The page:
We have experienced and observed that bullying causes the targets to suffer from stress; the science on chronic stress is beyond the scope of this petition. (See section at end, "Notes on Stress.") However, chronic stress, including social stress and/or psychological stress, is known to be a factor contributing to serious health consequences including high-blood pressure, atherosclerosois (hardening of the arteries, buildup of plaque), heart disease and heart attack, stroke, and psychological problems including major depression, and possibly suicide. A researcher who has studied elderly persons in assisted living found that individuals who experienced higher levels of emotional distress related to bullying also had higher rates of depression and low self esteem. That study population is relatively physically, cognitively, and mentally impaired, compared to independent-living residents of subsidized housing. (Robin Bonifas, Ph.D., MSW, personal communication)

When a group or individual that uses bullying as a tactic takes over life in the public areas of the residence, everyone who is excluded from membership in the group dominated by bullying suffers. Residents lose the "peaceful enjoyment" of their tenancy. They are unable to freely choose their social companions and activities. They are unable to make use of all the common areas of the residence. They must live with rivalry, fear, and enforced isolation from activities and companionship.

Bullying can affect the whole tenor of life in a building, even including abuse of staff and volunteers, and leading to a negative reputation in the surrounding community. For example, staff in a housing program reported that volunteers are unwilling to work in a building where bullying is common. As we have observed, anyone who is "different" including people living with a mental health condition may be the targets of bullying. Or they may even be perceived as being bullies by other residents, as reported by Robin P. Bonifas, PhD, MSW. In assisted living settings, any resident who exhibits frightening or disturbing behavior characteristic of a mental health condition may be viewed as a “bully” by other facility residents. Recent work by Bonifas and her students strengthens those findings and begins to develop interventions appropriate for this setting, including guiding residents to develop and model constructive, supportive behavior.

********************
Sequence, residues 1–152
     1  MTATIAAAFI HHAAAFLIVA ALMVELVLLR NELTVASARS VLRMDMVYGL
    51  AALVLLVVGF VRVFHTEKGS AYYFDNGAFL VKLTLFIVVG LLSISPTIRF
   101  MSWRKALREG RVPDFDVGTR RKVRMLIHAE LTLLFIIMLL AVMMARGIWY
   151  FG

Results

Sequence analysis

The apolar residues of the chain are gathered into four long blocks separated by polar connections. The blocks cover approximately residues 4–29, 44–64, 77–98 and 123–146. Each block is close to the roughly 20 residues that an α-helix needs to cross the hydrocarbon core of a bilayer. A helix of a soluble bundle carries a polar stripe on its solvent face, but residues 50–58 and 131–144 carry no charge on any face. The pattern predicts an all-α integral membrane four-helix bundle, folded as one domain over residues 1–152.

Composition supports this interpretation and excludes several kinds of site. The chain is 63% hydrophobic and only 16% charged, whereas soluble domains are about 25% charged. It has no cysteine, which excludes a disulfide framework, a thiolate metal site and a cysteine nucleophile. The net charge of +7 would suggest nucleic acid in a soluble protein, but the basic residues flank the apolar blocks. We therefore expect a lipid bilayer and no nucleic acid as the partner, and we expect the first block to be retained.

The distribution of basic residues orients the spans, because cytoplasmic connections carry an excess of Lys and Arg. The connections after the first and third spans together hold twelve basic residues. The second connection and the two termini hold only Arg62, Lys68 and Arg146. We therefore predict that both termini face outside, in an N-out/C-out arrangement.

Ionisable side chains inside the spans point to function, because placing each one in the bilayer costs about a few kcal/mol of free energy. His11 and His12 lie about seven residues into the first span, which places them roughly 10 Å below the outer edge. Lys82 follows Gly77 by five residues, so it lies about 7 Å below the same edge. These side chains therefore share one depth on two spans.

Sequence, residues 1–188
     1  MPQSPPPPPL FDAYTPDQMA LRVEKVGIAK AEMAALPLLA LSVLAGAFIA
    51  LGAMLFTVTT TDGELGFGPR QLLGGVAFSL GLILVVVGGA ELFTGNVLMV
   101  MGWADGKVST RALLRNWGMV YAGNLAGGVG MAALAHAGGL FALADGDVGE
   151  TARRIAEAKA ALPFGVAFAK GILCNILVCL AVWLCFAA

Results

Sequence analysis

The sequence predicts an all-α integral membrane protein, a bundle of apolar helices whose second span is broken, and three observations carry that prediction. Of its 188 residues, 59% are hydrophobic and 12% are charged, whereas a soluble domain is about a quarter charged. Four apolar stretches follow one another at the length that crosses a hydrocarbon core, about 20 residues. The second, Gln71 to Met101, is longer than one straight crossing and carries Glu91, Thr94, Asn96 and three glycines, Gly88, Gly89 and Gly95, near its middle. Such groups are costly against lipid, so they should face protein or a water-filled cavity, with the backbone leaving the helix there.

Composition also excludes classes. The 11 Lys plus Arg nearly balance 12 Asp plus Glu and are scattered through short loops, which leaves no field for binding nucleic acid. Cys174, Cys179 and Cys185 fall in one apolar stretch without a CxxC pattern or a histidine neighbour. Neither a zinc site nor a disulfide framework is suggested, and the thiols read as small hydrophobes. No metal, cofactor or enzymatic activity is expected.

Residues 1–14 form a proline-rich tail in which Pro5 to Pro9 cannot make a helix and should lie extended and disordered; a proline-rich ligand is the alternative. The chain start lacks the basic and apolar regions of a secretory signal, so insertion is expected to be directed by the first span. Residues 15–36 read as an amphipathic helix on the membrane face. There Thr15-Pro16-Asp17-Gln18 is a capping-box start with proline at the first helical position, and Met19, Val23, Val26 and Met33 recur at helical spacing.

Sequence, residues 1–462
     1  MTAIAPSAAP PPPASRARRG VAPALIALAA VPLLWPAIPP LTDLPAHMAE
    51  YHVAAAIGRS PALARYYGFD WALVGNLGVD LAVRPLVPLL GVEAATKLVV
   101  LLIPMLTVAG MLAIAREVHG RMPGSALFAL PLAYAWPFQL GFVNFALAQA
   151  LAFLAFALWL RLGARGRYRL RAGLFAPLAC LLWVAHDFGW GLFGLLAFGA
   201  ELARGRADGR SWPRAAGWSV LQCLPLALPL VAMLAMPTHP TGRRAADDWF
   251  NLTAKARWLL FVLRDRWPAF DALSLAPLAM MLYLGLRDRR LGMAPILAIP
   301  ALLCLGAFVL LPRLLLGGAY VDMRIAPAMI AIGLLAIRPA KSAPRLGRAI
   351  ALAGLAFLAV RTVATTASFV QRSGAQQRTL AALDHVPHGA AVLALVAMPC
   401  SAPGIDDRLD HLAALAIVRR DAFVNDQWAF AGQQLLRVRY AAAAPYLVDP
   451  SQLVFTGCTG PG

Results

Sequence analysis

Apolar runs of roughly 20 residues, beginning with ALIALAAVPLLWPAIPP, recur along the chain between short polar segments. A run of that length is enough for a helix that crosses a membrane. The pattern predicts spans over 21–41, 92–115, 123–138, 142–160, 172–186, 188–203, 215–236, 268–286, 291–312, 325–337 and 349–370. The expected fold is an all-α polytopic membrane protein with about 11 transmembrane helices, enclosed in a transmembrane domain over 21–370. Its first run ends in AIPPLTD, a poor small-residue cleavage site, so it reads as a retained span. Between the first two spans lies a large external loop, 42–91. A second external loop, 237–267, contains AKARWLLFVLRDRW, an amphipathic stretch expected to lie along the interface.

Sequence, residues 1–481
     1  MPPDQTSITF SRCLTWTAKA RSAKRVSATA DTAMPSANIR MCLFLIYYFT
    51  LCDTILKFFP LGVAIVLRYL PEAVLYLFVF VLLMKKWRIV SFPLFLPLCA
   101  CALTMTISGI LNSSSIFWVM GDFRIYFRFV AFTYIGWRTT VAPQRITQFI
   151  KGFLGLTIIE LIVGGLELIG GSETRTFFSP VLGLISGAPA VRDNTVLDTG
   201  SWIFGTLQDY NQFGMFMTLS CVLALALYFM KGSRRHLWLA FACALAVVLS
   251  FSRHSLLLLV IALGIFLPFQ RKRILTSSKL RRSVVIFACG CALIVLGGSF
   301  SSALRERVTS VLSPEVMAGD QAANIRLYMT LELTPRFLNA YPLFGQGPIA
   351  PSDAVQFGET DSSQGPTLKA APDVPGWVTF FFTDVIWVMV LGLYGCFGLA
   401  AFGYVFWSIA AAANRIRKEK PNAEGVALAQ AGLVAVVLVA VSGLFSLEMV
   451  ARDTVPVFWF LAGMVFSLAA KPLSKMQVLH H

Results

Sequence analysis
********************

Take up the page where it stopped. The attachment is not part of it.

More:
The principle goals of this bill

1) to assure that residents should be free of bullying (including by other residents, staff, or management) in their apartment buildings; and to provide relief and enforcement to protect residents.